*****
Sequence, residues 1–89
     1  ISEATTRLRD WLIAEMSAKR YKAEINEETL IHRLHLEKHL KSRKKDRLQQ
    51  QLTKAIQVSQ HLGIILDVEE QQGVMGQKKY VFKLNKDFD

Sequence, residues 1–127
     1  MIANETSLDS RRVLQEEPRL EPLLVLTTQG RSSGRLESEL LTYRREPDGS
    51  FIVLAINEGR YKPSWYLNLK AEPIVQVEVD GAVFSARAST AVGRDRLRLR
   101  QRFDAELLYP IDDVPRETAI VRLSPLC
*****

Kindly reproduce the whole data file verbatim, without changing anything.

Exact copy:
Sequence, residues 1–89
     1  ISEATTRLRD WLIAEMSAKR YKAEINEETL IHRLHLEKHL KSRKKDRLQQ
    51  QLTKAIQVSQ HLGIILDVEE QQGVMGQKKY VFKLNKDFD

Sequence, residues 1–127
     1  MIANETSLDS RRVLQEEPRL EPLLVLTTQG RSSGRLESEL LTYRREPDGS
    51  FIVLAINEGR YKPSWYLNLK AEPIVQVEVD GAVFSARAST AVGRDRLRLR
   101  QRFDAELLYP IDDVPRETAI VRLSPLC